But all-in-all, I don't have a problem with the co-sleeping and most of the time I'm an advocate for it. Except recently.

We have a problem, his name is Hikaru. Makoto, the eldest, was a kid who bowed to pressure and just conformed to his parents' sleep schedule. If we went to bed at 9:30, that's when he went to bed. We might want a book before bed, but for the most part he was willing to settle down and start getting those Zzzz's (Makoto's sleeping issues are not liking mid-day naps, an inability to get up that doesn't involve a tow cable, and a cranky disposition 3-out-of-5-times when he does wake up). Hikaru however is a baby on his own timetable, damn what his parents' want. When he wants to sleep, he sleeps, even if it's on the floor in the middle of the toys he was just playing with.

Let sleeping babies lie.
 Now, if allowed to sleep himself out, he awakes (early) with a sunny disposition and a willingness to tackle whatever is going on for the day (Usually Daddy's yogurt). Awaken him early and, well, it's like disturbing Godzilla's slumber (And given we're in Japan, ends up about the same way). It's the getting him to sleep in the first place. If he doesn't want to sleep, he won't. And we're on futons, on the floor. There is NO way of caging the beast. Even that wouldn't be a problem except that Daddy enjoys reading before sleeping. In fact, Daddy can't sleep if he doesn't get to chew through at least a few pages of his book before lights out.

IF I am lucky, Hikaru will be sleepy after his bath and bedtime story and will stay in Beloved's futon with his blanket and thus with a kiss goodnight, I can relax and enjoy my book. If I'm unluckly... I will look up to find Hikaru's face grinning at me like the rising full moon over my reading light and my supposed "quiet time" becomes punctuated with "GO TO SLEEP!" and wrestling matches over my book, light, phone, pillow, glasses, or older brother's bedtime items (A book, a rotating stuffed animal, and his Mickey Mouse ears from Tokyo Disneyland), and with random grabs and stuffs from Beloved trying to get the kid into bed and settled down. Which works for about a minute before Hikaru crawls out and tries again, with giggles.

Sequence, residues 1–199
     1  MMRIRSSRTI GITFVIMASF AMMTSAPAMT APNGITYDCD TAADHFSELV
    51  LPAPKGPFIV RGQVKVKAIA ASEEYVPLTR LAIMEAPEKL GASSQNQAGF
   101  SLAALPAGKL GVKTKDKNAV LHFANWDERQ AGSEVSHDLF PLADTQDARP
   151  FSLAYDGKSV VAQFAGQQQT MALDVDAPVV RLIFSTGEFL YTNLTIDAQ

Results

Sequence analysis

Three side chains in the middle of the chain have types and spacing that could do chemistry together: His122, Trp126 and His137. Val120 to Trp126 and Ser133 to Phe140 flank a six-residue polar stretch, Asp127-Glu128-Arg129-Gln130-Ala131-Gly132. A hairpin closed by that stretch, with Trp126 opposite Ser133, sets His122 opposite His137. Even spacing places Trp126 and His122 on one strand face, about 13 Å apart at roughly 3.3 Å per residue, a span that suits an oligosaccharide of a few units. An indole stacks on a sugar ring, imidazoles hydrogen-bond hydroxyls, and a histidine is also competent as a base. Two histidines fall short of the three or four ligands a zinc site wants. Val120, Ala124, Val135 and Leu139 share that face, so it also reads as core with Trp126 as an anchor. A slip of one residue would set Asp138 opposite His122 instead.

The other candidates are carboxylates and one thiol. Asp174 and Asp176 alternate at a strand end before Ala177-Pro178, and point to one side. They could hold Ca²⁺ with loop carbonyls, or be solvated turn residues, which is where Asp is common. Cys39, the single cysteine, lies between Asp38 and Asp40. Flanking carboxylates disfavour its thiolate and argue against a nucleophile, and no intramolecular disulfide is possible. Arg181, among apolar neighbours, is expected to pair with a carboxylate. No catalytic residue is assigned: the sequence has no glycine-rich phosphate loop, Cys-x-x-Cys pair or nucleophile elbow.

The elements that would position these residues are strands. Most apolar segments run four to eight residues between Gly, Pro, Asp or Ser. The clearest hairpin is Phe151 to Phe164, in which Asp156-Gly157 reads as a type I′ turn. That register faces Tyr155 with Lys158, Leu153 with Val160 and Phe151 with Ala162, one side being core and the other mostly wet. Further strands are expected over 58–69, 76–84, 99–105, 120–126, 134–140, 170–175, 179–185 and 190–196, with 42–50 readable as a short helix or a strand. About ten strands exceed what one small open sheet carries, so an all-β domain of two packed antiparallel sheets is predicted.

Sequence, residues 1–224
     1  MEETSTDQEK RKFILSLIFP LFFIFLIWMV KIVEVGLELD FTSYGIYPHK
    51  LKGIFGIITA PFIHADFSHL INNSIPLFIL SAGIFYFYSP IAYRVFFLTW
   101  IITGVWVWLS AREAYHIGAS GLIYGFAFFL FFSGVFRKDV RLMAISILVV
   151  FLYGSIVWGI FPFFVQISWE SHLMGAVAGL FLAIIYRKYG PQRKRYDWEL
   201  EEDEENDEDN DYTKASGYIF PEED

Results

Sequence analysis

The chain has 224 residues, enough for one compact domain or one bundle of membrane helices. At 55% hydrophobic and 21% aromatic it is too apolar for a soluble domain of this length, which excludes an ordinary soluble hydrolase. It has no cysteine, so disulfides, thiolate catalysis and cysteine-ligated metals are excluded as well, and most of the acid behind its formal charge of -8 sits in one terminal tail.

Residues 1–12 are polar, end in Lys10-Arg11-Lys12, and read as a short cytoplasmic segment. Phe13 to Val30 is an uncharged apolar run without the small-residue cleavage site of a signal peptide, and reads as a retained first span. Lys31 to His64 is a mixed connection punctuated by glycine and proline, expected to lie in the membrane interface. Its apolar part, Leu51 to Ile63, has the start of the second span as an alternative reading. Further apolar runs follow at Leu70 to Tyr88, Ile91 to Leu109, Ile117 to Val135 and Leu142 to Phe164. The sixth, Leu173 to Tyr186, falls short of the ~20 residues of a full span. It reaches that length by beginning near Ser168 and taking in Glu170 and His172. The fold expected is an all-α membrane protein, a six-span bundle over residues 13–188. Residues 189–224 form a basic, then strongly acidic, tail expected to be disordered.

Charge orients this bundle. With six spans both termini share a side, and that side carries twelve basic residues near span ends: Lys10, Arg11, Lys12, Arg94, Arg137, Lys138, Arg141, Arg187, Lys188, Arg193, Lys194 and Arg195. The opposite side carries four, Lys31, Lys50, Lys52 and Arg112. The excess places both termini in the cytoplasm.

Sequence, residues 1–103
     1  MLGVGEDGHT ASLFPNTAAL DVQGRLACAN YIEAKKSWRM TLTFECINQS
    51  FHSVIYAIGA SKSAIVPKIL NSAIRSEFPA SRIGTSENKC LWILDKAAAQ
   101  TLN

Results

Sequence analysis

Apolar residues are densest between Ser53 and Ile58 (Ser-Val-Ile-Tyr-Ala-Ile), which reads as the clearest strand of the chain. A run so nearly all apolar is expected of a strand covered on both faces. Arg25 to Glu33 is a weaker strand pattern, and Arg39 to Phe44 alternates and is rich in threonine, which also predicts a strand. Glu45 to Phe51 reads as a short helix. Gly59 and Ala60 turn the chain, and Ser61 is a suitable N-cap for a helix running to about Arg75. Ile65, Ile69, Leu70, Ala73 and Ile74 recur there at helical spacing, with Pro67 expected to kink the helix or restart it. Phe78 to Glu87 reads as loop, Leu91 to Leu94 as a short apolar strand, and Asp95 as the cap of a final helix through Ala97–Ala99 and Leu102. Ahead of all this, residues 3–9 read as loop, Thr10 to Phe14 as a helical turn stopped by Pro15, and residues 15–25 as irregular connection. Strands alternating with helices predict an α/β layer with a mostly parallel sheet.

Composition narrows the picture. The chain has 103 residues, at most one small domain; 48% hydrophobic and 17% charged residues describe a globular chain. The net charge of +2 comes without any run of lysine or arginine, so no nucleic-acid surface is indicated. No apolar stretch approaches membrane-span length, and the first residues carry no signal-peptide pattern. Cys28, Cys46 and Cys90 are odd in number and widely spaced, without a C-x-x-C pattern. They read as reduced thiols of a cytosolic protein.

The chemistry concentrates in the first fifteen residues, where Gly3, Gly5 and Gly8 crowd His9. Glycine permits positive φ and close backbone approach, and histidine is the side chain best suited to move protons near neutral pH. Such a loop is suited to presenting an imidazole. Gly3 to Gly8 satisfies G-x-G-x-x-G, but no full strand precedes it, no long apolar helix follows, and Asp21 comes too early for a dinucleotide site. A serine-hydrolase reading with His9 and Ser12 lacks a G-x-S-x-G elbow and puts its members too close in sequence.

Last night took the cake with a 45 minute marathon between Hikaru who wouldn't go to sleep and who kept  trying to get to Daddy's toys, Makoto who was wide awake because his younger brother was walking back and forth (with occasional attempts at toy/book theft) just next to his head, and the thunderstorm.

I like thunder, the boys like thunder, Beloved is terrified of it.

So, thunder booms. Wife eep's. I attempt to be the good husband and hold her. Get complaints/giggles from Makoto because I have to lean over him and his futon to get to Beloved. Hikaru sees his chance and runs towards the now undefended smartphone/book/light. More giggles from the kid in the middle. I yell "GO TO SLEEP!" and shove one son under his blanket and the other one back to his bed. Board re-sets, and the thunder rolls again.

Like I said, 45 minutes until the most welcome sound in the world is heard, the nightly concert of my boys' snoring... With Hikaru completely out of Mommy's futon, sound asleep upside down on the floor.

Oh well, just cover him with a blanket and call this battle of the Sleep Wars won. Besides, I still haven't gotten past the starting page of my book.

Thursday, May 17, 2012

Now I Know my ABCs...

Part of the problem of raising bi-lingual and bi-cultural kids is that, well, chances are one of the cultures is just not helping. I mean, I can reasonably be sure that my sons will learn the kana and (God help them) kanji from teachers in school. I'm fairly sure that they will be drilled, asked to write, and tested on their usage from now until they manage to graduate.

However English... Well, I'm an English teacher in a public Japanese junior high school so I'm less than enthused about waiting until junior high for my sons to learn how to read and write a language that they have been speaking since they started speaking.